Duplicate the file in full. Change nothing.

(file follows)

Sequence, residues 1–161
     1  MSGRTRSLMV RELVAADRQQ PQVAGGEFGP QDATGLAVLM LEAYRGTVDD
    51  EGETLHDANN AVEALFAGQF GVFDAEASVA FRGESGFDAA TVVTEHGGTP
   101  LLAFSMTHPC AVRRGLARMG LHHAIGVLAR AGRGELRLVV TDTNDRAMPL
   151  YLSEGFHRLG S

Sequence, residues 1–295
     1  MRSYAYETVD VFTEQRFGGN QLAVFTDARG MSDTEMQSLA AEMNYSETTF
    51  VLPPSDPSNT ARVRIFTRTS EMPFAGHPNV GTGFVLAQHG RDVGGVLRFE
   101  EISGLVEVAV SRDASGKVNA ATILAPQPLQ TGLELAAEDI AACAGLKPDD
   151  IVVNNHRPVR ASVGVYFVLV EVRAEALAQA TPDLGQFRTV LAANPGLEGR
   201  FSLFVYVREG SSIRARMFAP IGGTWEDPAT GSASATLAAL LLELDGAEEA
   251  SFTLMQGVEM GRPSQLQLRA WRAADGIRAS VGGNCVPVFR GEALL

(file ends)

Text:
Sequence, residues 1–161
     1  MSGRTRSLMV RELVAADRQQ PQVAGGEFGP QDATGLAVLM LEAYRGTVDD
    51  EGETLHDANN AVEALFAGQF GVFDAEASVA FRGESGFDAA TVVTEHGGTP
   101  LLAFSMTHPC AVRRGLARMG LHHAIGVLAR AGRGELRLVV TDTNDRAMPL
   151  YLSEGFHRLG S

Sequence, residues 1–295
     1  MRSYAYETVD VFTEQRFGGN QLAVFTDARG MSDTEMQSLA AEMNYSETTF
    51  VLPPSDPSNT ARVRIFTRTS EMPFAGHPNV GTGFVLAQHG RDVGGVLRFE
   101  EISGLVEVAV SRDASGKVNA ATILAPQPLQ TGLELAAEDI AACAGLKPDD
   151  IVVNNHRPVR ASVGVYFVLV EVRAEALAQA TPDLGQFRTV LAANPGLEGR
   201  FSLFVYVREG SSIRARMFAP IGGTWEDPAT GSASATLAAL LLELDGAEEA
   251  SFTLMQGVEM GRPSQLQLRA WRAADGIRAS VGGNCVPVFR GEALL